Wake Take: The Cameron Indoor Experience

It had been more than ten years since the last time I visited Cameron Indoor Stadium in the fall of 2008 for a rather meaningless November game between Duke and the Montana Grizzlies. Until this Tuesday, it was the only time I had ever seen a game at Duke. The game that Sunday afternoon was the end of an East Coast visit my dad and I took to visit some family, as well as his beloved Durham alma mater.

My dad, a 1981 alum of Duke, is as passionate and knowledgeable a Duke basketball fan as you will meet. Like I did in the past for the Old Gold & Black, my dad served as the Sports Editor of the Duke Chronicle during his years as a Blue Devil, which meant he spent dozens of nights seated in the press row seats I was lucky enough to have last night. His great claim to fame is that he wrote the Chronicle article when Mike Krzyzewski was hired as Duke’s head coach nearly 40 years ago in 1980. Needless to say, he raised me to be a die-hard Duke fan like himself.

Yet as high school trudged along and my SAT scores never approached Duke’s demanding averages, it became increasingly clear I would never follow in his footsteps to Durham. Instead, I came a bit down Tobacco Road to an ACC foe in Mother So Dear.

It’s hard to believe that in my four years at Wake Forest it took me, a born-and-raised Duke fan turned Demon Deacon convert, this long to revisit Cameron Indoor for a game. I, of course, had been to the Wake Forest-Duke games at Lawrence Veterans Joel Memorial Coliseum, but never to any in the famed Cameron Indoor. Games between the Deacs and the Devils at the Joel had been fun in years past, especially when Wake Forest narrowly lost to Duke two years ago when Luke Kennard had 30 second half points. Nothing, however, compared to the atmosphere in Durham on Tuesday night.

The energy inside that arena is unlike anything else in sports. At just over 9,000 seats, Cameron makes for an intense environment. Although I had been to a game there a decade ago, I had lost sight of how truly tiny Cameron is. Watching Duke games on TV really doesn’t do the arena justice. With so many people packed into such tight quarters, the sound reverberates from wall to wall. Sitting on the sideline in press row, the student section is directly on top of you, actively screaming, breathing and spitting down your neck.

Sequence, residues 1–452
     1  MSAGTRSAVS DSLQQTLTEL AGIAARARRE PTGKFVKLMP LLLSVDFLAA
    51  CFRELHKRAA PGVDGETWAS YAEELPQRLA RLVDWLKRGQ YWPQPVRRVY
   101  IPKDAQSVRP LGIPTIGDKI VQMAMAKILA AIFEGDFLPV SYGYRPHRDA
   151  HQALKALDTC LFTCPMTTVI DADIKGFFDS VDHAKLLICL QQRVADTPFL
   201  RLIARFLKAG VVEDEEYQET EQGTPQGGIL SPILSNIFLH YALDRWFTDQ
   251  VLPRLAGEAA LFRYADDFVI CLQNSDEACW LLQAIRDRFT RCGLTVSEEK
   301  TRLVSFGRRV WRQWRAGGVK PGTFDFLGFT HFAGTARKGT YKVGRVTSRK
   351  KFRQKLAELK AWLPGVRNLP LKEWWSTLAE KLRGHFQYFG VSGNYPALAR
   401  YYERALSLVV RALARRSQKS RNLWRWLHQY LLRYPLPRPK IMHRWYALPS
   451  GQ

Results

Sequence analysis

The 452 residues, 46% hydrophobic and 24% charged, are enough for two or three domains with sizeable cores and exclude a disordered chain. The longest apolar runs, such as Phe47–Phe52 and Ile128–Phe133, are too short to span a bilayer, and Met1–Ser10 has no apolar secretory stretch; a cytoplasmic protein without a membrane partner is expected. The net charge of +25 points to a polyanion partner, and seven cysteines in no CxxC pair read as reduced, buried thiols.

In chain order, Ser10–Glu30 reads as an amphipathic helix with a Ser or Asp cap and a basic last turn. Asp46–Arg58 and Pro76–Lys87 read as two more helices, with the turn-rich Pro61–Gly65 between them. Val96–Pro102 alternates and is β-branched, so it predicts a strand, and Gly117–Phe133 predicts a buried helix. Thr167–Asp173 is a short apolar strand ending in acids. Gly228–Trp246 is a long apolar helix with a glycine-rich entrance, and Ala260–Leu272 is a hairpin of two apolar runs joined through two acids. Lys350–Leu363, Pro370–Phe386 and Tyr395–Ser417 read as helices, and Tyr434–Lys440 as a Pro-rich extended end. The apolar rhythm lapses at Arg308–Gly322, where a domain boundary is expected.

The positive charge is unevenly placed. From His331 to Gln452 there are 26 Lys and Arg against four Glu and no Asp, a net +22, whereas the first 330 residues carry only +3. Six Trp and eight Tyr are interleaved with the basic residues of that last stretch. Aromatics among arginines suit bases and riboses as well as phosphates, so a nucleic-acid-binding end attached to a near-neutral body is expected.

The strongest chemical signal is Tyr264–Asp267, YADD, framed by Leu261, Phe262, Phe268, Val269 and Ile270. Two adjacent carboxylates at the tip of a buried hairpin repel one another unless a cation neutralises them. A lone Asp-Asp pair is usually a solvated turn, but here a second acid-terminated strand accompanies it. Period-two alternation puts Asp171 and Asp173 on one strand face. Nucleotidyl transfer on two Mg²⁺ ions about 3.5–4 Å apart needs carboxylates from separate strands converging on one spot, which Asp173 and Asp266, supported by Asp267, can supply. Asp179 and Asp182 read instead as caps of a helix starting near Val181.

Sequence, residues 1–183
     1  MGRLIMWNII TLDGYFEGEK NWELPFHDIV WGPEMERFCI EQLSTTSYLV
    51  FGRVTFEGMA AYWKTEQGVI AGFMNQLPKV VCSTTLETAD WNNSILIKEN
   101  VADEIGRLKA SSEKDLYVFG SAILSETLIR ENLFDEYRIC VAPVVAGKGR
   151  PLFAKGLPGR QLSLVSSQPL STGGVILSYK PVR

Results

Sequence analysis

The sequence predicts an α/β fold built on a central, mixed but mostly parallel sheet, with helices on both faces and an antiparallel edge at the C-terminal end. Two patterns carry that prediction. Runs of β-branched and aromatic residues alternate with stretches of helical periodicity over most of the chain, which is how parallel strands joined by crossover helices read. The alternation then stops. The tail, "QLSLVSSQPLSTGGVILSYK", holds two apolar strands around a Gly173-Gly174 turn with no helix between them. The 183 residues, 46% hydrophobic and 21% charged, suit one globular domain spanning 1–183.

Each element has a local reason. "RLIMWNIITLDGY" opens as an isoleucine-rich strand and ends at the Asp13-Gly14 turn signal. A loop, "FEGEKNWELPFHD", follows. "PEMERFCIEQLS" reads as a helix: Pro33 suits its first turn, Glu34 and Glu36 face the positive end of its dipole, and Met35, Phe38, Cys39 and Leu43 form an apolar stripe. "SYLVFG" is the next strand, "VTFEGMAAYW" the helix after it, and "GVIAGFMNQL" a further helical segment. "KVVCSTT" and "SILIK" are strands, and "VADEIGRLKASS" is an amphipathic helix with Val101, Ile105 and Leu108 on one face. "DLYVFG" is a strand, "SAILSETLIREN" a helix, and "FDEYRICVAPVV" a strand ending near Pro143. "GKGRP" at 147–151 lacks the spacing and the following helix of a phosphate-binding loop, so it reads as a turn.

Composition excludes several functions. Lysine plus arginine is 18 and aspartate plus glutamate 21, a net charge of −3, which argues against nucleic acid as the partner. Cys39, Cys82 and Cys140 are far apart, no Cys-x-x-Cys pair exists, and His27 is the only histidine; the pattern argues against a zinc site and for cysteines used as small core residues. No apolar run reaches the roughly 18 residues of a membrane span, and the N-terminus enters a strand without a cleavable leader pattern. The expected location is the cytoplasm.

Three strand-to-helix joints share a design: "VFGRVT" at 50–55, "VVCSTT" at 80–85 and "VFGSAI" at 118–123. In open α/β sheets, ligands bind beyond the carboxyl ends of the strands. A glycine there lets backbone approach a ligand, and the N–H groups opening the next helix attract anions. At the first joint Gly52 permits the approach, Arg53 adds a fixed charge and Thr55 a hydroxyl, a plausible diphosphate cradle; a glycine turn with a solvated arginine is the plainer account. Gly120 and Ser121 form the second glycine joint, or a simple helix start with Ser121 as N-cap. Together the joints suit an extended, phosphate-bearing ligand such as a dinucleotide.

The game itself was phenomenal. The Deacs were 25.5-point road underdogs to No. 4 Duke, but delivered one of their best all-around games in my four years. Wake Forest went toe-to-toe all night with arguably the nation’s most talented team — albeit without its mountainous star Zion Williamson. The crowd was locked in all night, as the gym rocked with noise. In his post-game comments, Coach K made comment of how influential the crowd was in winning Duke the game.

The Deacs hit Duke hard with suffocating and opportunistic defense all game and went into the half down a single point, 35-34. Chaundee Brown and Brandon Childress were excellent in the second half, and Ikenna Smart had the game of his career filling in for Olivier Sarr, and after Wake Forest got out to a 10-point lead early in the half, Duke clawed its way back into the game and led by five with three minutes left. Wake Forest would not go down without a fight, however, and the game came down to the final possession as Brown narrowly missed a would-be game-winning shot at the buzzer that sat on the rim for what felt like an hour. The collective sigh let out by the Duke faithful as Brown’s shot rattled out could be felt throughout the building.

The overall experience of seeing my beloved Deacs play an incredibly well-fought, back-and-forth game against my formerly beloved Blue Devils at Cameron was unlike anything I’ve ever experienced in sports. During my time at Wake Forest, my love for Duke and its basketball team has undoubtedly evolved, but the draw and magnetism of this year’s Duke team has been undeniable in comparison to years past, especially when Williamson and R.J. Barrett have shared the court. The experience of Cameron — its history, the passion, the noise, the tight quarters — make it a singularly unique atmosphere in sports. And the fact that Wake Forest not only pushed Duke but gave them a true test and probably should have won made my return to college sports’ most iconic venue and a place my dad called home that much more special.